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SOUTHBANK CENTRE ANNOUNCES THE POETS TAKING PART IN POETRY PARNASSUS – THE LARGEST GATHERING OF INTERNATIONAL POETS IN WORLD HISTORY
POETS, SPOKEN WORD ARTISTS, PRAISE SINGERS, RAPPERS AND STORY TELLERS TO PERFORM THEIR WORK IN MORE THAN 50 LANGUAGES AND DIALECTS PUBLIC CALL OUT TO POETS FROM 23 ‘MISSING’ COUNTRIES – FROM BHUTAN AND MONACO TO PAPUA NEW GUINEA AND MADAGASCAR – TO COME FORWARD FESTIVAL TO OPEN WITH RAIN OF 100,000 POEMS
Today Southbank Centre announces the selection for the biggest gathering of poets in world history. Poetry Parnassus, led by Artistic Director Jude Kelly and Curator and Artist in Residence Simon Armitage, will feature poetry from all of the 204 nations competing in the London 2012 Olympic and Paralympic Games, with 140 poets confirmed so far to be at Southbank Centre from 26 June – 1 July 2012. Poetry Parnassus is part of the site-wide Festival of the World with MasterCard. Poets ranging in age from 24-year-old Akerke Mussabekova (Kazakhstan) to 83-year-old Anise Koltz (Luxembourg) will descend on Southbank Centre from across six continents, from the mountains of Nepal and Brazil to the islands of Haiti and Samoa. Selected poets include those from countries where freedom of speech is still restricted, such as North Korea, Myanmar (Burma), and Swaziland. Many of the poets will be travelling to the UK for the first time and over 50% of the poets are women. This truly global gathering will be an opportunity to discover new voices and world greats with poets, spoken word artists, praise singers, rappers and story tellers reading their work in over 50 languages and dialects including: Goun (Benin), Wolof (Gambia), Amharic (Ethiopia), Haitian Creole, Maori and Kazakh. After more than 6,000 public nominations were received last summer, poets selected to attend Poetry Parnassus include Jo Shapcott (Great Britain), Nobel Laureates Seamus Heaney (Ireland) and Wole Soyinka (Nigeria) and former Poet Laureates Kay Ryan (USA) and Bill Manhire (New Zealand).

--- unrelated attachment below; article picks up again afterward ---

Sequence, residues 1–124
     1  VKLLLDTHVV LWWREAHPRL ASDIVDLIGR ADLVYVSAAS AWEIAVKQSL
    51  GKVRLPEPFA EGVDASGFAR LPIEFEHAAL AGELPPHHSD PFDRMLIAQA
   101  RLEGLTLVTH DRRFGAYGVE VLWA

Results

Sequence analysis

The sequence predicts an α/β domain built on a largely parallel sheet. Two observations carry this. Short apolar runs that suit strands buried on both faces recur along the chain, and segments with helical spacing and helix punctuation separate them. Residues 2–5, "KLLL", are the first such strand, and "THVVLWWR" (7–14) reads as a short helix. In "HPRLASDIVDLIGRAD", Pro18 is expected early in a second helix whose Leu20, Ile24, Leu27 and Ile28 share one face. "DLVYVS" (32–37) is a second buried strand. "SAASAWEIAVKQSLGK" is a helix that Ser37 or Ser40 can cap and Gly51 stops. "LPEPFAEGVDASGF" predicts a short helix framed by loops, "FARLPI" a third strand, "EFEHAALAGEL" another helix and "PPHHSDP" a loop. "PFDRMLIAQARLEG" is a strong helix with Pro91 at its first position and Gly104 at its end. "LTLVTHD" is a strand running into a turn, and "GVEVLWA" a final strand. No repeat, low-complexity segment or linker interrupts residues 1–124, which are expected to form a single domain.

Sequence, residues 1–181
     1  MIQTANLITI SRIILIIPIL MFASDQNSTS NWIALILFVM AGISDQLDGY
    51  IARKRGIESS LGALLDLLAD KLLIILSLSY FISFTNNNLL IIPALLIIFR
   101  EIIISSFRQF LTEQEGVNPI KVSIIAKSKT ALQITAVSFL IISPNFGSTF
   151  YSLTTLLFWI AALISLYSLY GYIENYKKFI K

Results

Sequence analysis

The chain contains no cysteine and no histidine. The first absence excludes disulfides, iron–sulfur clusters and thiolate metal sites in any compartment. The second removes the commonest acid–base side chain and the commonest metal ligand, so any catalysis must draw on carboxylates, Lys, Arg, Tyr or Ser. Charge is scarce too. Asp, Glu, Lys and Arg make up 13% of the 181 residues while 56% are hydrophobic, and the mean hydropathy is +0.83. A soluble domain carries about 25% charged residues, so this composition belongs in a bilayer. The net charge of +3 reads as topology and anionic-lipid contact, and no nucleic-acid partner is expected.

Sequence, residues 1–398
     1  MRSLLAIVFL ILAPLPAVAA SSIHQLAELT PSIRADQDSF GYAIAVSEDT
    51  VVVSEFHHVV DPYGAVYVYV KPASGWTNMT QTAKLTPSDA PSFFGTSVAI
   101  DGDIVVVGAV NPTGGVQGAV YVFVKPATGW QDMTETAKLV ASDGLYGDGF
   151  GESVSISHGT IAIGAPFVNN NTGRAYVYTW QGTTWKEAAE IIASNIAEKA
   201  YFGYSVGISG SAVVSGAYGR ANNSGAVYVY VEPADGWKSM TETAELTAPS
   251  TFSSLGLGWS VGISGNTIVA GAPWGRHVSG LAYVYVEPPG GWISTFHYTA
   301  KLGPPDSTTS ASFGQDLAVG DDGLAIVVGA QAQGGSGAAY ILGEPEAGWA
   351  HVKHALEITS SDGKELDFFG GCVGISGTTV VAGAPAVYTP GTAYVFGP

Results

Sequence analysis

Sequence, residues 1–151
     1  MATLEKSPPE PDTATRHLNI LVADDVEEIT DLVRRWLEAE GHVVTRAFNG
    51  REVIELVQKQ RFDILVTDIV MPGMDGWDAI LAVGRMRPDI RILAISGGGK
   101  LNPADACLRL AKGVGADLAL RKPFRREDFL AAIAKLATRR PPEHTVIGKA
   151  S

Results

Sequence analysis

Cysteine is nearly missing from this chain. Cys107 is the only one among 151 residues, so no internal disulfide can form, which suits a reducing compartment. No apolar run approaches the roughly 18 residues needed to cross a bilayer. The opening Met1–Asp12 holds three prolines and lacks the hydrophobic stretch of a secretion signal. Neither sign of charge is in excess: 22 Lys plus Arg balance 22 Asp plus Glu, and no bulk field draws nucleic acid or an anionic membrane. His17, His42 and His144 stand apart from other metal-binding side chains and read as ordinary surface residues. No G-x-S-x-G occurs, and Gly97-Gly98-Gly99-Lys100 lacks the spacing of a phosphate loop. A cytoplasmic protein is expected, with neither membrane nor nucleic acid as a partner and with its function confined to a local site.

Those coming to Southbank Centre include many poets with incredible stories of adversity and political struggle such as Luljeta Lleshanaku (Albania) who grew up under house-arrest, as the child of parents who opposed the then Communist regime. Until the early 1990s, she was not allowed to attend university or publish her writing. She is now an editor and journalist, and has published five collections of poetry, with selections of her work translated into English and published in the UK and America. Jang Jin Seong (North Korea) is a former court poet to Kim Jong-il. After becoming disillusioned with the regime, Jang Jin Seong crossed the Tumen River carrying 70 of his poems, fleeing to China and then South Korea, without being able to say goodbye to his family. He now lives in South Korea and speaks out against the regime. Poet and tattoo artist Kosal Khiev (Cambodia) was born in a Thai refugee camp. In the aftermath of the Khmer Rouge war he fled with his family to the USA. At the age of 16 Kosal was arrested in a gang fight and charged with attempted murder. He was tried as an adult and whilst serving 14 years in a state penitentiary discovered spoken word poetry from a former Vietnam War veteran. Upon release in 2011, the U.S. government deported him to Cambodia, a country he had never been to. Kosal hopes that one day the USA will repeal the current deportation law so that he can reunite with his family. Until then, he lives as an exiled American in Phnom Penh. Gioconda Belli (Nicaragua) was a Sandinista revolutionary in the struggle against the Somoza dictatorship and in 1975 was forced into exile in Mexico. When the Sandinista National Liberation Front claimed victory in 1979, Gioconda returned to Nicaragua and became Director of Communications for the state, but soon became disillusioned with the party. She is now living in Los Angeles and is a major critic of the current government. Her work explores women’s emancipation and the struggles of liberation and has been translated into many languages. Leading poet and translator Vénus Khoury-Ghata (Lebanon) was born in the mountain village of Bsherre, the birthplace of poet and philosopher Khalil Gibran. She was taught Arabic by her illiterate mother and at the age of 18 her life was transformed when she became Miss Beirut. Vénus Khoury-Ghata soon became disillusioned with this world of wealth and glamour and turned instead to poetry. She has won many awards for her work, including the Grand Prix de la Société des gens de lettres and the Prize of Goncourt for Poetry. As a novelist she won international fame in the 1990s with Les fiancés du Cape Ténès (1996). A former break-dancer and originator of the late 80s hip-hop scene in Dakar with his group Positive Black Soul (PBS), Didier Awadi is a Senegalese rapper and political activist who seeks to promote a positive image of Africa. After international success with PBS, including touring with MC Solaar, Awadi signed with Sony music and has released four solo albums, the most recent being Presidents of Africa (2010). He runs his own studio and label and produces hip-hop festivals in Senegal including Senerap International (2003) and 72H Hip Hop (2009). Southbank Centre is calling out for suitable poets who have yet to be found for the following 23 countries: Bhutan, Brunei Darussalam, Burkina Faso, Central African Republic, Dominica, Gabon, Guinea-Bissau, Lesotho, Liberia, Liechtenstein, Madagascar, Mali, Monaco, Namibia, Nauru, Niger, Palau, Papua New Guinea, Samoa American, Seychelles, St. Vincent & Grenadines, TimorLeste and Vanuatu. Nominations can be made at https://www.surveymonkey.com/s/Parnassus